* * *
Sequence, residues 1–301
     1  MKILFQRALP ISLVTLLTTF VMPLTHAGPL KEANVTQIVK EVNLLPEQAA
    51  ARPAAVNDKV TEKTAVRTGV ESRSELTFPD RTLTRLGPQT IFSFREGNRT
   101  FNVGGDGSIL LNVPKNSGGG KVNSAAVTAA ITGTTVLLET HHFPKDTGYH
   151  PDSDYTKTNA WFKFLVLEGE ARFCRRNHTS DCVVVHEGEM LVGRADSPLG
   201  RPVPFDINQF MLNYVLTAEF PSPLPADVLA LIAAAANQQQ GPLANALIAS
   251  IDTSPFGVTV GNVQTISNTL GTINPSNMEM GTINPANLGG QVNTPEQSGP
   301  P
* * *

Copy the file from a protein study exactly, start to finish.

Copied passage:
Sequence, residues 1–301
     1  MKILFQRALP ISLVTLLTTF VMPLTHAGPL KEANVTQIVK EVNLLPEQAA
    51  ARPAAVNDKV TEKTAVRTGV ESRSELTFPD RTLTRLGPQT IFSFREGNRT
   101  FNVGGDGSIL LNVPKNSGGG KVNSAAVTAA ITGTTVLLET HHFPKDTGYH
   151  PDSDYTKTNA WFKFLVLEGE ARFCRRNHTS DCVVVHEGEM LVGRADSPLG
   201  RPVPFDINQF MLNYVLTAEF PSPLPADVLA LIAAAANQQQ GPLANALIAS
   251  IDTSPFGVTV GNVQTISNTL GTINPSNMEM GTINPANLGG QVNTPEQSGP
   301  P